Passenger train service across the Midwest could get a huge boost in the coming decades, with multiple new routes and more frequent trains running out of Chicago, under a concept envisioned by the Federal Railroad Administration.
The concept, unveiled Wednesday, is in early stages and is intended to be a 40-year framework. It also depends on state and federal funding.
But as envisioned, it would include service in at least a dozen new cities including Columbus, Ohio; Fort Wayne, Indiana and Madison, Wisconsin. It calls for a new route from Chicago to the Quad Cities, extending on to Des Moines, Iowa and Omaha, Nebraska. Another new route could connect a train line out of Dallas to Wichita, Kansas, and on to Chicago, said Laura Kliewer, director of the Midwest Interstate Passenger Rail Commission.
The rail commission could also explore service to Canada, most likely between Detroit and Toronto, Kliewer said.
Other cities in the 12-state area studied could get more frequent passenger service.
Chicago would be a major rail hub under the vision, and smaller hubs could be created in Indianapolis, Kansas City and Minneapolis, Kliewer said.
“While America’s interstate highway system and commercial aviation industry are vital and indispensable, rail can and must play a key role in our multimodal transportation system,” said Amit Bose, deputy administrator of the Federal Railroad Administration. “Nowhere is that more evident than Chicago, the nation’s rail hub.”
That concept could have implications for the Chicago area’s existing commuter, freight and Amtrak routes, and for Chicago Union Station, which served more than 3 million Amtrak passengers annually before the COVID-19 pandemic.
Officials would be tasked with boosting passenger service without disrupting existing service, said Peter Schwartz, chief of project engineering and transportation planning at the Federal Railroad Administration. They could also look at reconfiguring Chicago's Union Station and potentially adding tracks, he said.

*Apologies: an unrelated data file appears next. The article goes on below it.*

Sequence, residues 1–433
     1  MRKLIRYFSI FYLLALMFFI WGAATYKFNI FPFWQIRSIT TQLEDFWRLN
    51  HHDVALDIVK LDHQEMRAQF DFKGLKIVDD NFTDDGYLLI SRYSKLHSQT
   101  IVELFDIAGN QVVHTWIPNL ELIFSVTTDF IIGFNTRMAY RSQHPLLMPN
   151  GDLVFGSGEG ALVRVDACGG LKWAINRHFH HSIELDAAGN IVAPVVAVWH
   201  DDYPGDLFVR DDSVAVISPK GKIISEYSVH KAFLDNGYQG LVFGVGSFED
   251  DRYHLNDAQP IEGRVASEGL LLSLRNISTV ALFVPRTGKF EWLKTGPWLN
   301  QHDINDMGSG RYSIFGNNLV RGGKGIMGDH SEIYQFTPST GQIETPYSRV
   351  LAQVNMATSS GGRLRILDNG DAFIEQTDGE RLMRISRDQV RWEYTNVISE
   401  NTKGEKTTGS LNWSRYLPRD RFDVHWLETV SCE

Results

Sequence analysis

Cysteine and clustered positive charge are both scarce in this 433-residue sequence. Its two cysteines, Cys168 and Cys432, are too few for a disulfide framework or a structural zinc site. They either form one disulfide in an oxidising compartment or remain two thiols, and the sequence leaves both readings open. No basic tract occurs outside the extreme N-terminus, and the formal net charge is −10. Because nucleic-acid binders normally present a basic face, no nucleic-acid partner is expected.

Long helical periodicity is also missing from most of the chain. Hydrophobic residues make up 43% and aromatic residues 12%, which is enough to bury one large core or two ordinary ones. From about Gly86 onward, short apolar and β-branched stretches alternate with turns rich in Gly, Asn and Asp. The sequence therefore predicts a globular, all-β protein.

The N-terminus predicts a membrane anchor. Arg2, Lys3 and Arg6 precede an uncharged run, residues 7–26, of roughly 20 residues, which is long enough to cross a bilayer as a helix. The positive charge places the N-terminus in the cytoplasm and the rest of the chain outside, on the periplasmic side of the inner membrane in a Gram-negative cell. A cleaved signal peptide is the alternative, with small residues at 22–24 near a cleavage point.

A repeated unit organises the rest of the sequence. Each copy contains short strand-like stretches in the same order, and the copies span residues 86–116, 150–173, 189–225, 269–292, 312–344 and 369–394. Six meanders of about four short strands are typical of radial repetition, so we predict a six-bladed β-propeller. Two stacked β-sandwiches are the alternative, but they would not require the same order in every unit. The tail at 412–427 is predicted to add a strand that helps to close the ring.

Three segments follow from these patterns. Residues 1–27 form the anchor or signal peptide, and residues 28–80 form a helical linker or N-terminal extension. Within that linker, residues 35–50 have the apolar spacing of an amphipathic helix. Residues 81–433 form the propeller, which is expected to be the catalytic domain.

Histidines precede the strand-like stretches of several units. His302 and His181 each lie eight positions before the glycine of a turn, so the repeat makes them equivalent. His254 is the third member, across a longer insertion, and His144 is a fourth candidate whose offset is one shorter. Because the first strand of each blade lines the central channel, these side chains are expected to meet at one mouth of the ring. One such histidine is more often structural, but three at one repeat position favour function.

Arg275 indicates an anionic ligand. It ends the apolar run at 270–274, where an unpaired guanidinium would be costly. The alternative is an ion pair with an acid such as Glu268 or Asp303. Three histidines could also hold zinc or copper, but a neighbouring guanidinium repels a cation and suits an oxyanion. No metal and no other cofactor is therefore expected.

“There’s no question that there’s a lot more that could be done with the (Union Station) footprint that’s here today,” he said.
The concept is also intended to better serve rural areas, said Sharon Negele, the rail commission’s financial officer and Indiana representative. She touted the environmental benefits of increased rail travel.
The Federal Railroad Administration’s Midwest idea complements an Amtrak vision for expanded service nationwide that the rail service put out in the spring. Amtrak’s idea included 39 possible new routes and improvements to 25 existing routes by 2035, intended to create more frequent and reliable service.
Along with the rail service’s vision, Amtrak CEO William Flynn sent a letter to Congress in late May calling for action including providing “dedicated, predictable and sufficient funding.”
“Intercity passenger rail has been underfunded for decades as federal funding has prioritized highways and aviation despite the clear strengths offered by rail service in certain markets,” Flynn said in the letter. “Amtrak and our state, local and host railroad partners needs increased funding levels and new, more predictable mechanisms, such as an Intercity Passenger Rail Trust Fund, like what virtually every other mode of transportation already enjoys, to fund annual grants and the Federal Railroad Administration’s discretionary grant programs.”